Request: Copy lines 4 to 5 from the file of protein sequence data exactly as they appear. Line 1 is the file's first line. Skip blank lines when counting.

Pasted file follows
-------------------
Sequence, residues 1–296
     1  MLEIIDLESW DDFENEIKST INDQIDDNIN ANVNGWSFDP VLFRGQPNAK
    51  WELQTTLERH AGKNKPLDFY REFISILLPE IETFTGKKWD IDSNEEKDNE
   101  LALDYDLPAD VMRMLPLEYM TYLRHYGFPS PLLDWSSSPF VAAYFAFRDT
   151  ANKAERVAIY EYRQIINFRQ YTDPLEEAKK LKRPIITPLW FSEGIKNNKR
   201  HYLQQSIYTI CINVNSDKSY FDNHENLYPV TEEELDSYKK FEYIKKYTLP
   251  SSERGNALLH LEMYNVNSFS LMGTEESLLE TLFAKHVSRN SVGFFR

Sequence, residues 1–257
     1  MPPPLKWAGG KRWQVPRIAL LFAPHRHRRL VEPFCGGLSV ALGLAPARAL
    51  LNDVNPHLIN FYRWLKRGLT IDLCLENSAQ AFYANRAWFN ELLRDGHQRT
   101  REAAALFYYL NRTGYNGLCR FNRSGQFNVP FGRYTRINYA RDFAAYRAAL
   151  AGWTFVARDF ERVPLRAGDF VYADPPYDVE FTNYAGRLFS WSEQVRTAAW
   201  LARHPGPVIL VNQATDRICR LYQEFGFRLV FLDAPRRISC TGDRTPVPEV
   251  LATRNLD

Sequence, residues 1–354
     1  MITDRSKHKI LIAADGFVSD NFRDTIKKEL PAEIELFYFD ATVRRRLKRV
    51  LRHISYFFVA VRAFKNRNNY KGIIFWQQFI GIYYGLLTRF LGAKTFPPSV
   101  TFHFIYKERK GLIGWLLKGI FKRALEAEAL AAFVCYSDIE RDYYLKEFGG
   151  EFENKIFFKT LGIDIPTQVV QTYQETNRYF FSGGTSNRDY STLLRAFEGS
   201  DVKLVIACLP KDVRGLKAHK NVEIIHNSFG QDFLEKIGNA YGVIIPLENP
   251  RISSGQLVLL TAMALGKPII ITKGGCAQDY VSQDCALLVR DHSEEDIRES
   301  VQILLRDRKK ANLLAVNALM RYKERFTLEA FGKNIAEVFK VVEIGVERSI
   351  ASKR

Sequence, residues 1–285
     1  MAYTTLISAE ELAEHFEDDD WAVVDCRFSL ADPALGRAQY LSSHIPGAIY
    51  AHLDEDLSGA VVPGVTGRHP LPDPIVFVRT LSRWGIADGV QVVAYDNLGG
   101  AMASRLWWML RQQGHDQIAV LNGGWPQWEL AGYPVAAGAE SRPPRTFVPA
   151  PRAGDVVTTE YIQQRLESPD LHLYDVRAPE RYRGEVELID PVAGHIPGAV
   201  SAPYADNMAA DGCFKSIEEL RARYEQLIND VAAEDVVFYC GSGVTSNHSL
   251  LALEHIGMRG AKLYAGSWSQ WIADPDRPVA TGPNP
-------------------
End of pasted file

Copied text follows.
   101  LALDYDLPAD VMRMLPLEYM TYLRHYGFPS PLLDWSSSPF VAAYFAFRDT
   151  ANKAERVAIY EYRQIINFRQ YTDPLEEAKK LKRPIITPLW FSEGIKNNKR